Squash Competitions – running and managing them

Running squash competitions may sounds easy, but if you have never done it, then it can be difficult to know where and how to start. How many players should/will participate? How do you organise the various matches? How do you keep track of the results? What about making it fair for all? Should you “seed” the players? Answers to all of these questions can be found here, together with some free tools to assist you.

For the most part, the information given below applies to squash competitions where either teams or individual players participate. Therefore throughout the rest of the post, I will simply refer to “players”, although the same procedures can be used for teams, unless specifically noted.


Draw for Squash Competitions

A Typical “Knock-Out” Squash Competition Draw/Results sheet

How do I run squash competitions?

First of all, you have to decide what sort of squash competitions you want to have, as there are several different types, including the following common ones:

  • A “League” competition (or “Round Robin”)
  • A “Ladder” competition
  • A “Knock-out” competition

To a large extent, the choice depends on how many players are competing and how long you want the event to last. In this post, I will look at the first option – League Competitions. Ladders and Knock-out Competitions will be covered in a subsequent post.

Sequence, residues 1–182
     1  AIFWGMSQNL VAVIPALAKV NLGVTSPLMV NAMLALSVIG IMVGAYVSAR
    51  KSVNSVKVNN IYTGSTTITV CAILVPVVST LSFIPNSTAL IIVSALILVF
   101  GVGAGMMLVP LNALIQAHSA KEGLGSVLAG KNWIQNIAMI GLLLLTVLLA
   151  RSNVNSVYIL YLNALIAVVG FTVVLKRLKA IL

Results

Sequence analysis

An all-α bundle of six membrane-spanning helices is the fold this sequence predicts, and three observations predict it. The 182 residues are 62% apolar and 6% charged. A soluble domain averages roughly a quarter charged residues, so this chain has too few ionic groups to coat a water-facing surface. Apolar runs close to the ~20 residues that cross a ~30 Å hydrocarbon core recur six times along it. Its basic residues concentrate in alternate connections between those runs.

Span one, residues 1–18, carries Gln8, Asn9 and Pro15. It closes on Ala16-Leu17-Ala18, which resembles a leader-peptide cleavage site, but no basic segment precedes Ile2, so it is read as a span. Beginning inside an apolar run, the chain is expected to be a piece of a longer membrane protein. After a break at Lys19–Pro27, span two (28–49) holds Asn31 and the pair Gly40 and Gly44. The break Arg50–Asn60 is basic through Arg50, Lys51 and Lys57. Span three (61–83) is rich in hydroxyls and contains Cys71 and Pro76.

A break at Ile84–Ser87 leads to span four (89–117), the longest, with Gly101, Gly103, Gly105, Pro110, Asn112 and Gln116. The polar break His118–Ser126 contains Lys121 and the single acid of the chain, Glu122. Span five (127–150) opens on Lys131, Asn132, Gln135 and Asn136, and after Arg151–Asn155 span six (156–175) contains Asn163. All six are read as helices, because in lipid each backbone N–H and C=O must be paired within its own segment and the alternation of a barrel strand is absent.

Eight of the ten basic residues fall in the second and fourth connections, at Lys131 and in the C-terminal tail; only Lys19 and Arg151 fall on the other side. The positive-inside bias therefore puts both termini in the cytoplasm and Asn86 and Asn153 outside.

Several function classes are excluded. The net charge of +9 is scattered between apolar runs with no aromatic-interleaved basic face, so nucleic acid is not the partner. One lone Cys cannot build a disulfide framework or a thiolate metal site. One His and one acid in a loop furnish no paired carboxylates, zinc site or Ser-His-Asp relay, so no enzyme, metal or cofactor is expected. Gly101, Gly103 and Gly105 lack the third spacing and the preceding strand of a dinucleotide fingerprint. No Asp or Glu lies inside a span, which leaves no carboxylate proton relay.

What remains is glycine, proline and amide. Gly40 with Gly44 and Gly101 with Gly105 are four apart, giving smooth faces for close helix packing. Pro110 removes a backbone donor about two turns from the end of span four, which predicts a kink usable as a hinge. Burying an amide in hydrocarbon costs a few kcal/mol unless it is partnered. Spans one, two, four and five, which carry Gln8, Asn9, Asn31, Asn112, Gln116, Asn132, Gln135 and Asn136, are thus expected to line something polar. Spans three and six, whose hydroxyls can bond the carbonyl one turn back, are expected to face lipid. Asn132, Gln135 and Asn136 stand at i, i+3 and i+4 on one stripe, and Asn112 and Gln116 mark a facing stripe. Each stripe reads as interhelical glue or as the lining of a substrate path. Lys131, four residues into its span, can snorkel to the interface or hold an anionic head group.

League Competitions

League competitions (or “Round Robin” competitions) are usually run when there are many players of several different standards, and you want to run the competition over quite a long period – typically several weeks or months. The players are divided into different “Divisions” according to standard or ability. Each player has a match (or multiple matches) against every other player in the same Division.

At the end of the period, all of the players in each division are placed in order according to the results of their matches so that each division will have a winner, a second place etc., etc. Typically the winning player of each division will be promoted to the next higher division for the next cycle/season (sometimes more than one player is promoted) and the losing player of each division is relegated to the next lower division (again, sometimes more than 1 player is relegated).

How many times each player plays every other player and also how frequently the matches are played – determine how long the whole cycle or season lasts. For squash Leagues involving individual players, the divisions usually comprise of 5 or 6 players and each player plays every other player only once. Assuming each player has only one game each week on average, this means the league cycle would typically last 4 or 5 weeks. The website  www.SquashLeagues.org, provides a very easy way to manage this type of league, and run squash competitions like this.

However, for Squash Leagues between teams, there can be up to 10 teams in each Division (or more), and the League lasts for a whole season – typically 6 months or more, requiring each team to play one match per week, and to play each other team more than once during the season.

Watch out for another post dealing with the other types of squash competitions – how to run Squash Ladders and also Knock-out competitions, together with some useful tools to assist the running of these types of squash competitions.



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